Spotted Skiffia Multipunctata (Skiffia Multipunctata)
Spotted Skiffias are active and generally peaceful; however, they can occasionally be nippy towards slow-moving long-finned species such as Fancy Guppies.
These fish make an excellent resident of the community aquarium alongside small Catfish, Characins and Minnows. However, it would be best to keep these fish in decent-sized groups containing more females than males; a ratio of three females to one male is ideal. This will help reduce the amount of attention that the females receive from the overly passionate males.
It would be better if you housed Spotted Skiffias in an aquarium with mature, well-filtered water containing plenty of shady areas made up of aquatic plants. Sumatra wood or small driftwood pieces are also ideal as you can use both to mimic a labyrinth of tree roots found in their natural environment.
The bodies of Spotted Skiffias are primarily a silvery colour; however, females have a few black spots, whereas the males have much larger blotches that resemble a panda-like pattern as well as golden colouration around their anal, dorsal, and caudal fin.
Spotted Skiffia Multipunctata (Skiffia Multipunctata) Video
|Scientific Name||Skiffia Multipunctata|
|Other Names||Splotched Skiffia, Speckled Sawfin Goodeid, Piebald Goodea, Sayula Multipunctata|
|Aquarium Level||Bottom - Middle|
|Best kept as||Groups 6+|
|Lifespan||2 - 4 years|
|PH||7.0 - 8.5|
|GH||15 - 25|
|77 - 82℉|
25 - 27.8℃
In the home aquarium, the Spotted Skiffia Multipunctata will readily accept most good quality dried foods such as granules, flakes and sinking pellets. These modern food products have been developed to provide all adequate nutrition to maintain your fish's health and dietary requirements.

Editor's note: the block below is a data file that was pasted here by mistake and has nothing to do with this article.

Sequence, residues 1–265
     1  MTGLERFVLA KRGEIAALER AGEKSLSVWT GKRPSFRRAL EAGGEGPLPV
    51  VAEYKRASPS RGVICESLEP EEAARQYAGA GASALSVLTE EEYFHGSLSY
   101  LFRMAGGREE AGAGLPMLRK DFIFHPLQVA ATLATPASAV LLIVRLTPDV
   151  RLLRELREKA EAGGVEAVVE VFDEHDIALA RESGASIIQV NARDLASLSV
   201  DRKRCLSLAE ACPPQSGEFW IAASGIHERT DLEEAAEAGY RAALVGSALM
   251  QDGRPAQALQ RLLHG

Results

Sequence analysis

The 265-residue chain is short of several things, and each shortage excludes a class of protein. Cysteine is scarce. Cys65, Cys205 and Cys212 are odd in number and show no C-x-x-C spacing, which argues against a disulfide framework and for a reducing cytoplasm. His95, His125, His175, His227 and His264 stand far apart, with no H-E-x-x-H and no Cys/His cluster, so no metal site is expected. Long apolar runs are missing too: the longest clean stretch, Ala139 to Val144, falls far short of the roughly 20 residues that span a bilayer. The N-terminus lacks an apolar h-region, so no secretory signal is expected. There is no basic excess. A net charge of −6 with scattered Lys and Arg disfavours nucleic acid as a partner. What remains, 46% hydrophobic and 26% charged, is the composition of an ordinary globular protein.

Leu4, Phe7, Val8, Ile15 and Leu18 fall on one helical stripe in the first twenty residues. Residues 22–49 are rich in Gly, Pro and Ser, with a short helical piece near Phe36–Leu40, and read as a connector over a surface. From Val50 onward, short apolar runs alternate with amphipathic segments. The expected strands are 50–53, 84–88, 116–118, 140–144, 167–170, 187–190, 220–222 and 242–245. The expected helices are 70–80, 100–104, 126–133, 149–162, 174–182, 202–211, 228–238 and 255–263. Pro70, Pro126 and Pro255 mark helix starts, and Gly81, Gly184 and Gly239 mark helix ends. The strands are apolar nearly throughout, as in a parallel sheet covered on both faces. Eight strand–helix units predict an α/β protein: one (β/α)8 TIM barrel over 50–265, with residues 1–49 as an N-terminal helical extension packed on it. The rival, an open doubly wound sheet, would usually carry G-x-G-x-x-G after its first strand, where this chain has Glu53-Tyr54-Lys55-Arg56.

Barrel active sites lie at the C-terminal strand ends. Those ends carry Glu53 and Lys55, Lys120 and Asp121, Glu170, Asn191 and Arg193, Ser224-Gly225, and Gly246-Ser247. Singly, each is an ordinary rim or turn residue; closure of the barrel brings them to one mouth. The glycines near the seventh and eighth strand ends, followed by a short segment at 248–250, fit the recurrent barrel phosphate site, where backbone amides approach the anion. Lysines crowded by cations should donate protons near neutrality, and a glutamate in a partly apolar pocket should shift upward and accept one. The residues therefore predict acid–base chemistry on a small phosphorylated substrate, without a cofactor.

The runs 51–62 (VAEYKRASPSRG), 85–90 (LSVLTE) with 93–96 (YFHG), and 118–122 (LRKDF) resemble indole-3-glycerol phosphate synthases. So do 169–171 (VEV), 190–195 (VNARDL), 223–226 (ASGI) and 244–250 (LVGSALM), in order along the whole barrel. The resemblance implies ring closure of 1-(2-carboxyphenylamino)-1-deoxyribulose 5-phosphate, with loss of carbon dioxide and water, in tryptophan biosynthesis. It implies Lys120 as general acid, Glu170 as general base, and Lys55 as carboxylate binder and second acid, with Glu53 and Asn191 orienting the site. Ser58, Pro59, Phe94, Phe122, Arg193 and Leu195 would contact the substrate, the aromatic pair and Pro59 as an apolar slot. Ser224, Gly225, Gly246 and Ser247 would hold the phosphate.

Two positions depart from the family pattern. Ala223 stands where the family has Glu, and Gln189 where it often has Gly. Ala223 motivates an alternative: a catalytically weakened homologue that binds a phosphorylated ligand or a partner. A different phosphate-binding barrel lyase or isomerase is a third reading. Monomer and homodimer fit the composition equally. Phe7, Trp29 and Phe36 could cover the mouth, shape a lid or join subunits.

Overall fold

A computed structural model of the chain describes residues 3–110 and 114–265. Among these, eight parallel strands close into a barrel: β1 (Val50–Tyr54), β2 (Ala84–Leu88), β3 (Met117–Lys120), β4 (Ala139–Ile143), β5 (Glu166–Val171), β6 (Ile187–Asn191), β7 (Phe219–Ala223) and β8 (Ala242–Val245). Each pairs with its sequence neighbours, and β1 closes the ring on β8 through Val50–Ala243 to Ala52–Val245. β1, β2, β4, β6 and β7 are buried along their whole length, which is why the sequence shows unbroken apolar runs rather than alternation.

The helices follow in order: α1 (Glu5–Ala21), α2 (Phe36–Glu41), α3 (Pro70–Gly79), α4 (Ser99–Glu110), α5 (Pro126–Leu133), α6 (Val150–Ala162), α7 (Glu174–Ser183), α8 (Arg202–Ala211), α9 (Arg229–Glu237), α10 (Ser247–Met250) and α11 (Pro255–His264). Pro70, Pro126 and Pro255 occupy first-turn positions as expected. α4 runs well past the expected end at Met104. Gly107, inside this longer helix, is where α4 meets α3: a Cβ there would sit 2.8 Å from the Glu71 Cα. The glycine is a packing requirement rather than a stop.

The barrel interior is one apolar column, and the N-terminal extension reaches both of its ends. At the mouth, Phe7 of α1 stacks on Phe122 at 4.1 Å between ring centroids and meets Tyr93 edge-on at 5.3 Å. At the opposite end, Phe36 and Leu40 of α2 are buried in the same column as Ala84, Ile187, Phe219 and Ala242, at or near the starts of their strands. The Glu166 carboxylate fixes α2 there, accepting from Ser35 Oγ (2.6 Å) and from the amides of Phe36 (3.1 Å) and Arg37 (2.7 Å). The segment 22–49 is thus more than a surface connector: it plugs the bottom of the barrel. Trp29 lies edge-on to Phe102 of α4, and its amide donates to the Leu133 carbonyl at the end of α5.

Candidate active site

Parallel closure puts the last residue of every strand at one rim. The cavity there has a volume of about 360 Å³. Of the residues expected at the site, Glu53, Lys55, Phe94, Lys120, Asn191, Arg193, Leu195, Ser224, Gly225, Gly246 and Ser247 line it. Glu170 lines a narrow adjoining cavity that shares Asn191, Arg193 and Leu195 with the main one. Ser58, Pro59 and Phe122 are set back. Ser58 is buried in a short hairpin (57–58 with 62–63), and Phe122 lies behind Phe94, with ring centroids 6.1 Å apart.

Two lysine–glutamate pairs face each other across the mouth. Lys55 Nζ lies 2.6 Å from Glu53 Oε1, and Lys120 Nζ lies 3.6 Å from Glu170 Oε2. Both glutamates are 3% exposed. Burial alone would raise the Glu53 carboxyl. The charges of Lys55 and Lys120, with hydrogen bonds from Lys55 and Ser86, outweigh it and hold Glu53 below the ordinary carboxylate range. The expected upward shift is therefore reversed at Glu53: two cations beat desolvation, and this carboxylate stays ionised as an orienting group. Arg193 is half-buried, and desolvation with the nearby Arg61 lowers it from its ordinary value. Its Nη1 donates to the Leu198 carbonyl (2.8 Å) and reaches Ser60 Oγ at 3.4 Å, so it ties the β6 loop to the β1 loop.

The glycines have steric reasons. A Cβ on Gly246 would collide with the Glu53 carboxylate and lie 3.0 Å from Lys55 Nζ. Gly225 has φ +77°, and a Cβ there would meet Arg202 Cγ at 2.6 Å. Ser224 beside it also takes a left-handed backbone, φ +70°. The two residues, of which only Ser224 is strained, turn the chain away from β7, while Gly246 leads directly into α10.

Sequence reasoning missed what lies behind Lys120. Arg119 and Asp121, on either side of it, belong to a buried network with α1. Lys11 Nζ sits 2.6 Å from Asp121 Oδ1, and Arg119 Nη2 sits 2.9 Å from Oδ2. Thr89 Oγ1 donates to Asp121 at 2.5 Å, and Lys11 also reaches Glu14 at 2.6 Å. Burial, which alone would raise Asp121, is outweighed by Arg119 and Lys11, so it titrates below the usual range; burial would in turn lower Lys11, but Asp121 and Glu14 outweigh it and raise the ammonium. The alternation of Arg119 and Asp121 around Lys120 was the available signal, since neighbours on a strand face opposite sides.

Providing additional foodstuffs such as live, frozen, and freeze-dried meals such as bloodworm, daphnia, and tubifex once or twice a week will provide additional benefits to your fish's health and well-being but is not a must for this fish.
It should be noted that bloodworms should only be given as an occasional treat and should not be used as the staple diet as they are difficult for fish to digest and can potentially cause blockages.
This fish is an omnivore in the wild, meaning it will consume some vegetable matter. Although most modern fish foods take this into account and include them in their products, you can still supplement your fish's diet with blanched vegetables such as spinach, broccoli, and zucchini. Ensure you do not overfeed your fish and remove any leftovers the following day.